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Washington lawmakers look for ways to bring back Sonics

The Seattle SuperSonics play the Dallas Mavericks in the fourth quarter  at Key Arena in Seattle on April 13, 2008. (John Froschauer / AP)
The Seattle SuperSonics play the Dallas Mavericks in the fourth quarter at Key Arena in Seattle on April 13, 2008. (John Froschauer / AP)

OLYMPIA – Washington needs to find a way to get the Sonics back in Seattle, a Spokane senator says, but just how the Legislature can help do that isn’t clear.

The Senate Commerce, Labor and Sports Committee held the first of what could be three meetings focusing on bringing an NBA team back to the state on Thursday.

“We’re going to get the Sonics back and it is going to take a statewide effort and a bipartisan effort,” Committee Chairman Mike Baumgartner, R-Spokane, vowed at the end of the hourlong session.

The committee went over the history of how Seattle got the Sonics in 1966, and lost them some 40 years later when proposals to build a new arena or remodel the existing one fell apart.

Some senior members of the committee attributed the loss of the Sonics to either “stadium fatigue” or political intrigue.

Sen. Karen Keiser, D-Kent, said proposals to get state support for a new home for the team met with public “blowback” after the state granted tax breaks and other inducements for what became Safeco Field for the Mariners in 1995 and CenturyLink Field for the Seahawks in 1997. Proposals died in 2006, 2007, 2008 and 2009.

“It was not against basketball, per se. It was a sense of the public, that they’d had it,” Keiser said.

In 2008, the team moved to Oklahoma City.

Another committee member, Sen. Dino Rossi, R-Sammamish, said he was present when Microsoft Chief Executive Officer Steve Ballmer was asked to buy the Sonics that year; Rossi said he was asked to get involved, but initially declined because he was running for governor. Eventually he came out in favor of letting King County vote on a package, and expected Gov. Chris Gregoire to follow suit.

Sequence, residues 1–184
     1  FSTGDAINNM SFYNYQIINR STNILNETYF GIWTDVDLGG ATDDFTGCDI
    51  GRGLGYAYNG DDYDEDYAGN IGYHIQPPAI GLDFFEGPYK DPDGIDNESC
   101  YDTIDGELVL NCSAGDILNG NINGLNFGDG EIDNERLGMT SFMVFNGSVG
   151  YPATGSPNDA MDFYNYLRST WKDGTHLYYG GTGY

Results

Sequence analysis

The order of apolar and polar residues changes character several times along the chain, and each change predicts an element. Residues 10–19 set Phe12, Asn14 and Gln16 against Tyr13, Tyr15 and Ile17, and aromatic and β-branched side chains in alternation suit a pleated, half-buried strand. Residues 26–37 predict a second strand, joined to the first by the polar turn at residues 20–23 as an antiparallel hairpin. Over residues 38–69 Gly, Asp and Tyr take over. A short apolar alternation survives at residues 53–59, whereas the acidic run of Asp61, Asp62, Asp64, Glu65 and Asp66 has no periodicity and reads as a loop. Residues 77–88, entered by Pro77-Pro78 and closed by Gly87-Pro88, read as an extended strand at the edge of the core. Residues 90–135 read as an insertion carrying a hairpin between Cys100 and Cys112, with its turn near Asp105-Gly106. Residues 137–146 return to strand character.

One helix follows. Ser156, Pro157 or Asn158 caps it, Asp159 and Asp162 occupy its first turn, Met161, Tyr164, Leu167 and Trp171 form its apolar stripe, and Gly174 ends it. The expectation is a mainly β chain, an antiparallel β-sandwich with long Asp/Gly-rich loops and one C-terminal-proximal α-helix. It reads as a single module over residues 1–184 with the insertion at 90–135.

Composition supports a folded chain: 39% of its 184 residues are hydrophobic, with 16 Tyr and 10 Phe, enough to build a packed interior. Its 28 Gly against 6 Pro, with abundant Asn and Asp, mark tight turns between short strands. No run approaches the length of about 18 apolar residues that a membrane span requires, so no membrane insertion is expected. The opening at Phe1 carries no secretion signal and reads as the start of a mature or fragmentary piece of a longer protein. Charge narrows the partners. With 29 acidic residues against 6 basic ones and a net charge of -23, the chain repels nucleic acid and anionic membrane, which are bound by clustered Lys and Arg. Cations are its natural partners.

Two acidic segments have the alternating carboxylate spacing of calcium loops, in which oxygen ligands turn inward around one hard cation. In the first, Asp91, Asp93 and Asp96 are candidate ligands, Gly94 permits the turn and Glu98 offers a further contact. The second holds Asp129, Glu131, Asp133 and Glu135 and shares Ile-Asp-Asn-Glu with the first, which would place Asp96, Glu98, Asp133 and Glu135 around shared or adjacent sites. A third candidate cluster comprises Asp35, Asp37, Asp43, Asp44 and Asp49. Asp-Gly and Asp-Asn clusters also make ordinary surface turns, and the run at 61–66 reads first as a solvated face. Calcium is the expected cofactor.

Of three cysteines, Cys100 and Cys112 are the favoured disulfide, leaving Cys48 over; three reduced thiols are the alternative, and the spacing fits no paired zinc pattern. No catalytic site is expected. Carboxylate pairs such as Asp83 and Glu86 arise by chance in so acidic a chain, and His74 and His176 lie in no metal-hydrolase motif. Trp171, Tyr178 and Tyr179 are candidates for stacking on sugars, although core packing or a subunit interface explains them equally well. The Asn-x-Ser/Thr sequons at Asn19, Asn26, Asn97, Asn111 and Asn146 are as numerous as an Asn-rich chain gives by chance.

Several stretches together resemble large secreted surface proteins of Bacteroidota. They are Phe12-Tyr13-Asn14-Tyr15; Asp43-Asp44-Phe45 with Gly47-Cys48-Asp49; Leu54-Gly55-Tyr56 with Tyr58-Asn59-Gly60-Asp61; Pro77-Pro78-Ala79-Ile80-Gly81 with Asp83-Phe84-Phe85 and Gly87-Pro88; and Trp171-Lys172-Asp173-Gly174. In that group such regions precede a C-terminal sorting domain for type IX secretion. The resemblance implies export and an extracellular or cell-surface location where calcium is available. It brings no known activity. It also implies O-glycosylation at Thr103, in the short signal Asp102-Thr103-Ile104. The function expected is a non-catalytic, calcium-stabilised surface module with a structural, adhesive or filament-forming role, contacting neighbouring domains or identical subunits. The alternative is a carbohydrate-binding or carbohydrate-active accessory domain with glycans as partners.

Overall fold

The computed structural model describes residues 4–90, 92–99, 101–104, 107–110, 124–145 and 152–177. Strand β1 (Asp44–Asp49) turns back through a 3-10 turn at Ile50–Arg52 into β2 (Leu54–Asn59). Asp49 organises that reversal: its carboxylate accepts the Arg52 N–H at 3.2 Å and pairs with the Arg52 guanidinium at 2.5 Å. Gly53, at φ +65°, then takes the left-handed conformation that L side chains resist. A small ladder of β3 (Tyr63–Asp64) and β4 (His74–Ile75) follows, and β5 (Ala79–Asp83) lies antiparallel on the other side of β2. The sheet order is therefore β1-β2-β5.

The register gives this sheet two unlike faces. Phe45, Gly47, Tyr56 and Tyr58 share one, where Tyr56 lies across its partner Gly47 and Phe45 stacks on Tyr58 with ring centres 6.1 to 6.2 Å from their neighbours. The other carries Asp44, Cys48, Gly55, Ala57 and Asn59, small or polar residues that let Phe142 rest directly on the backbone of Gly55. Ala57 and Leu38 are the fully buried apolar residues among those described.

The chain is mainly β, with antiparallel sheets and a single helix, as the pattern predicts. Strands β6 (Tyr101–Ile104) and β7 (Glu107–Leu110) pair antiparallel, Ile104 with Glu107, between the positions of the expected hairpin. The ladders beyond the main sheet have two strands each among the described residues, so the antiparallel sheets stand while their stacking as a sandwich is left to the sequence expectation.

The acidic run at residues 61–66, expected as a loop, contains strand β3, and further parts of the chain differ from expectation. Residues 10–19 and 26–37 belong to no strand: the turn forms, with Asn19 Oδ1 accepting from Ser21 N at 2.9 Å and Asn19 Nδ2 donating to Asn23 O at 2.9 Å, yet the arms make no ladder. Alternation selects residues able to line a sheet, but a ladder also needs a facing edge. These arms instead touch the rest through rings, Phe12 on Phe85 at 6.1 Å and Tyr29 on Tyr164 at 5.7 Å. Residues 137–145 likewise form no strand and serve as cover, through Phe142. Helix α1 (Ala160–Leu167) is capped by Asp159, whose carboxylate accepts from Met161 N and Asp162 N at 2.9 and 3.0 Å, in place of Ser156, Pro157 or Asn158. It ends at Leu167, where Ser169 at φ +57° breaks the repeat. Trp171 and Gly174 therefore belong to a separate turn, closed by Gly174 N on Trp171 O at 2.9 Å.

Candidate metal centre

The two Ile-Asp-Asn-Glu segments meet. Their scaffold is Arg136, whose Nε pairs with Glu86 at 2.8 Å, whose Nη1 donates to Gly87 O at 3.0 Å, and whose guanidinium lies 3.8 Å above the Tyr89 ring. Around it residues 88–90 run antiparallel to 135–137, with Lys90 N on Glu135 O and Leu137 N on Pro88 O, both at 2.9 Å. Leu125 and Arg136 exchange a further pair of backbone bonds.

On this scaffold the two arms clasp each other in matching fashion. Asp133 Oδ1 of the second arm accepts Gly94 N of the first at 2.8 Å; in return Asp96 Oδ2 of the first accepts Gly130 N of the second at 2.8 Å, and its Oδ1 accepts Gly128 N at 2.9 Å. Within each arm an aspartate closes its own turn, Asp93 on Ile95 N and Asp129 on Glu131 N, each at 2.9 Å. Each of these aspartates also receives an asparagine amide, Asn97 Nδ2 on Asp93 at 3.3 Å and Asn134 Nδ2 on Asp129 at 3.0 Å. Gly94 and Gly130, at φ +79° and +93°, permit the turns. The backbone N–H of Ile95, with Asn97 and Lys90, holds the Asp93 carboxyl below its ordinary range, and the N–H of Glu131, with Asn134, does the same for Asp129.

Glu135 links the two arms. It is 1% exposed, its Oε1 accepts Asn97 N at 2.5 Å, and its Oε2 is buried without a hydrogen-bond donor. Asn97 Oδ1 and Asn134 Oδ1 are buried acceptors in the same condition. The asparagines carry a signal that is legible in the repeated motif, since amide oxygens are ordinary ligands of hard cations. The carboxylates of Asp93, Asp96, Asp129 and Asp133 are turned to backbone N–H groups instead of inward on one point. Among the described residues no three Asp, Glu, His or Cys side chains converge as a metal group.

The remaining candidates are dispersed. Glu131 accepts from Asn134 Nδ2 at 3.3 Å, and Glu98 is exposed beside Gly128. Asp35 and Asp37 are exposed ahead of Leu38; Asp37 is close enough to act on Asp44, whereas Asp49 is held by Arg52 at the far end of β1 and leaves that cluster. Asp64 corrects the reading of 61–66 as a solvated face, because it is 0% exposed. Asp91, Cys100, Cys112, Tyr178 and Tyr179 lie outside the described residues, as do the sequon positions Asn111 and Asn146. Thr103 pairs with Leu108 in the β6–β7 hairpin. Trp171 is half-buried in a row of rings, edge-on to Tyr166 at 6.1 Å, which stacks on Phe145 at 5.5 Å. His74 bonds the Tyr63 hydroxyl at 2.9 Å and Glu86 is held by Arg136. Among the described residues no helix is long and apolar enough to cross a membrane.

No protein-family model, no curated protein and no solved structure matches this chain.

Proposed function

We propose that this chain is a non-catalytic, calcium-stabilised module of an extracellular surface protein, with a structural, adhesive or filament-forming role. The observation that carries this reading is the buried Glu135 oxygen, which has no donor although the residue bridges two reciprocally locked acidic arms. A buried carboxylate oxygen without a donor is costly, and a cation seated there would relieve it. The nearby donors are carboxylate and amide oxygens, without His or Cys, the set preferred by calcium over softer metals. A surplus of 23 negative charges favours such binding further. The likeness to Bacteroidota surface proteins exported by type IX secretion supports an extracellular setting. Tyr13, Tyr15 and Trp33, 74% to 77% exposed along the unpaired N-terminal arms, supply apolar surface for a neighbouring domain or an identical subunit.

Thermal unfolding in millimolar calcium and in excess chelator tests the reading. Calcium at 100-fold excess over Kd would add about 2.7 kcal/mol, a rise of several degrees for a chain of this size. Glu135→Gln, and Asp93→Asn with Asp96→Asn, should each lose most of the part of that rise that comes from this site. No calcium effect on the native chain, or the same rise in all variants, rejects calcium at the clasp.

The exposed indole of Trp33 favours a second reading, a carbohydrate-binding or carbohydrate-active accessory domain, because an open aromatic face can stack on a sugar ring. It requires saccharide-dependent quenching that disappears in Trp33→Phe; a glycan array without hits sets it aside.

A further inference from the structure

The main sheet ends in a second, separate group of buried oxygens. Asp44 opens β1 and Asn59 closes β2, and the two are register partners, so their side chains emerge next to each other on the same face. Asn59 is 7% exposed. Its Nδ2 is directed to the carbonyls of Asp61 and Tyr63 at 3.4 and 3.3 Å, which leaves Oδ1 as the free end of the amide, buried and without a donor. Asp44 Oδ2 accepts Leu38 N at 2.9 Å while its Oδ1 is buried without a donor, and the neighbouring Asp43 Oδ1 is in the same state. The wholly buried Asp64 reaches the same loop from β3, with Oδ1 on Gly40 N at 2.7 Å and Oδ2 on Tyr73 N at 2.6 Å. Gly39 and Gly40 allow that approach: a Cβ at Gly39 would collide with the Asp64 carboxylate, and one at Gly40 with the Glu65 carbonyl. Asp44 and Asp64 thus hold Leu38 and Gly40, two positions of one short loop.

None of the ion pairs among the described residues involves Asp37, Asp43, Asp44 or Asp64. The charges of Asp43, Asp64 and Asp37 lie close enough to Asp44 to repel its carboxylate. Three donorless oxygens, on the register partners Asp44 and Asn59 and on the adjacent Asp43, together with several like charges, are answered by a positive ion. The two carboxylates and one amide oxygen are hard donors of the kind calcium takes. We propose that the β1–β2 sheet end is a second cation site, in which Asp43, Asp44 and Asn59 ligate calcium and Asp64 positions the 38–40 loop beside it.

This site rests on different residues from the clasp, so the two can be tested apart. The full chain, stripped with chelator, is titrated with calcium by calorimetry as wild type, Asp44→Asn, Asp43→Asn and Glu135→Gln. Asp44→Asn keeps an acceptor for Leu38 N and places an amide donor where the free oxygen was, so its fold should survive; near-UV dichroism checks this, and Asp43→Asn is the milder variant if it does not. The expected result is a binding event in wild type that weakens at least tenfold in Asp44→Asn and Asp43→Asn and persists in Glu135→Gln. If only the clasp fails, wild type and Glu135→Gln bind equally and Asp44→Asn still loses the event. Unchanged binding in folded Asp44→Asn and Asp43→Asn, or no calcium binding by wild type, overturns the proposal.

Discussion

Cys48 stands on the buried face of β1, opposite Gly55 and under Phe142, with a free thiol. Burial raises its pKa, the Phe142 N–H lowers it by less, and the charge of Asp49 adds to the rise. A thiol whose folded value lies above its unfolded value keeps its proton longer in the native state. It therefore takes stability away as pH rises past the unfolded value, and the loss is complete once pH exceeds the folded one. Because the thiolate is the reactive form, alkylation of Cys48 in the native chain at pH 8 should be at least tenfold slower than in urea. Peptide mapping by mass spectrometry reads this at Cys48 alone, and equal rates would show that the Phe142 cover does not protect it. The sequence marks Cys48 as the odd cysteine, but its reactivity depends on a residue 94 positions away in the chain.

“I got out there, she refused to get out there,” Rossi said.

The loss of the Sonics later became a bone of contention in his rematch with Gregoire, whom Rossi and some Republicans blamed for not putting enough pressure on the Legislature to approve the package. But Gregoire beat Rossi and won a second term.

Since the Sonics left, Seattle officials have been approached about plans to bring another NBA franchise to the city. An investor group headed by hedge fund manager Chris Hansen has a proposal that involves building a new arena in the SoDo area, near Safeco and CenturyLink stadiums. It has support from King County officials, particularly County Executive Dow Constantine, who contends the the public transit and parking opportunities are best there.

But Seattle city officials are looking for proposals to remodel Seattle Center and Key Arena. They are joined by officials from the nearby Port of Seattle, who are worried about more traffic congestion just outside the entrance to the major shipping facility.

“The Sonics should come back, the only consideration is where?” Kurt Beckett of the Northwest Seaport Alliance told the committee. Shippers delay their trucks during events at the existing stadiums, and the new sports and entertainment arena with an estimated 250 events per year could convince them to use other ports.

Sen. Bob Hasegawa, D-Seattle, suggested building the stadium at the old Longacres Racetrack, which isn’t far from his district. He also thinks the city of Seattle should have bought the team, similar to the way Green Bay owns the Packers and has strong support for its NFL team.

“Aaron Rodgers helps, too,” Baumgartner said.

The committee hopes to bring Seattle city officials and King County officials together to discuss different options.

Baumgartner expects to introduce some kind of legislation by early March, but will wait for suggestions from other lawmakers before writing it.

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